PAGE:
Worm Breeder's Gazette 14(1): 89 (October 1, 1995)
These abstracts should not be cited in bibliographies. Material contained herein should be treated as personal communication and should be cited as such only with the consent of the author.
|1||Institute of Zoology, University of Fribourg, Perolles, CH-1700 Fribourg, Switzerland|
|2||School of Medicine, C.W.R.U., Cleveland, Ohio 44106, USA|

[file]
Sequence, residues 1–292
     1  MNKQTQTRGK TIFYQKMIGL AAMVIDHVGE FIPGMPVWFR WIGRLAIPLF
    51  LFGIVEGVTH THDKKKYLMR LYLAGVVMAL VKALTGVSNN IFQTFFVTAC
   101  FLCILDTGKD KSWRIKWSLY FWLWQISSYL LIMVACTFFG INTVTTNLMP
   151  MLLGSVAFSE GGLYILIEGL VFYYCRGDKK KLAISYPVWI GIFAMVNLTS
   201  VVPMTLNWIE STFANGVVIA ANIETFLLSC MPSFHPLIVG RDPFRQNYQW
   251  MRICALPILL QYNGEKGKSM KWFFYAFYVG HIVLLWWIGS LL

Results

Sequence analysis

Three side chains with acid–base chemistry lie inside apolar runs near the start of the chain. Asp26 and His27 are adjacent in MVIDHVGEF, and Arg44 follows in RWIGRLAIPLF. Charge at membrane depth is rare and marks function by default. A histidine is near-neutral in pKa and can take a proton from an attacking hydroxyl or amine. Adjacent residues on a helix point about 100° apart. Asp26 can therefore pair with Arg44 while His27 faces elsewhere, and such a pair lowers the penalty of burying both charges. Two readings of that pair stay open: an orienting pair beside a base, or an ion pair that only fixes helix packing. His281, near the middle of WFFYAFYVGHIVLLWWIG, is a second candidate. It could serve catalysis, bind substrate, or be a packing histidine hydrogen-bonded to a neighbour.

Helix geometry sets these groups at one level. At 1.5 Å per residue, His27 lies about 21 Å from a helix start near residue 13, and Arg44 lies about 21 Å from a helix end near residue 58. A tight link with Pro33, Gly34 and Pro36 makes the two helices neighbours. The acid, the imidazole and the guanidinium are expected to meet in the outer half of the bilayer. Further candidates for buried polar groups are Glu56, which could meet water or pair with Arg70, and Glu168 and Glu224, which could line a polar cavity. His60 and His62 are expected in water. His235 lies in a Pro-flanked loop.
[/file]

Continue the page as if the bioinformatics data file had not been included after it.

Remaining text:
Telomerases are ribonucleoproteins that act as RNA-dependent DNA polymerases. Their function is to maintain the protecting telomeric extremities of the chromosomes after each round of replication and to heal broken chromosomes by adding telomeric repeats to them. Strong indirect evidences indicate that telomerase activity is involved in the process of chromatin diminution in Ascaris suum. This mechanism involves developmentally-programmed chromosomal cleavage at specific breakage regions (CBRs), new telomere formation (chromosomal healing) and degradation of the eliminated chromatin (F. Mueller et al., 1991. Cell 67: 815-822). Spontaneous chromosomal healing has been described for the C. elegans X-chromosome mutation me8, which disrupts meiotic crossing over and segregation (A. M. Villeneuve, 1994. Genetics 136: 887-902). Molecular analysis of the me8 mutation revealed that it represents a terminal chromosomal truncation healed by de novo addition of telomeric repeats directly to the site of breakage, most likely by the action of a telomerase (C. Wicky et al., submitted). Chromosomal healing in both nematodes share the same molecular characteristics, arguing for a similar molecular mechanism (S. Jentsch, pers. comm.; C. Wicky et al., in prep.) Developmentally-programmed healing in A. suum , however, is highly efficient and occurs in all presomatic cells, whereas the spontaneous chromosomal healing in C. elegans takes place randomly in germ cells with low efficiency. Thus, both nematode species A. suum and C. elegans represent interesting model systems to study telomerase activity and chromosome healing processes in metazoans. The aim of the present project is to investigate an in vitro telomerase activity in both nematode species. Therefore, the cell-free extracts were incubated with dNTPs and an oligonucleotide primer designed to serve as substrate for the telomerase enzyme. The elongated reaction products were detected by PCR, according to a modified TRAP (telomere repeat amplification protocol) assay (N.W. Kim et al., 1994. Science 266:2011-2015), using an oligonucleotide complementary to the telomeric repeats. The PCR products were separated on a denaturing polyacrylamide gel and visualised by autoradiography. In our Ascaris 4-cell stage extracts, the telomeric primer was elongated by up to 30 repeats of 6 bases. Because this activity was sensitive to heat inactivation, proteinase K or RNase A digestions, and depends on the time of incubation and the concentration of the extract in the reaction, we propose that it represents telomerase activity. Our data thus provide further strong evidence that telomerase is responsible for the developmentally-programmed healing process during chromatin diminution in Ascaris. Currently, different C. elegans extracts are tested for telomerase in vitro and preliminary results indicate a similar activity. Fractionation of the telomerase extracts will be useful to purify and characterize the protein and RNA components of the telomerase enzyme and specific co-factors involved in developmentally-programmed or spontaneous chromosomal healing. The cloning of the corresponding genes will accelerate the research on telomere function in multicellular organisms.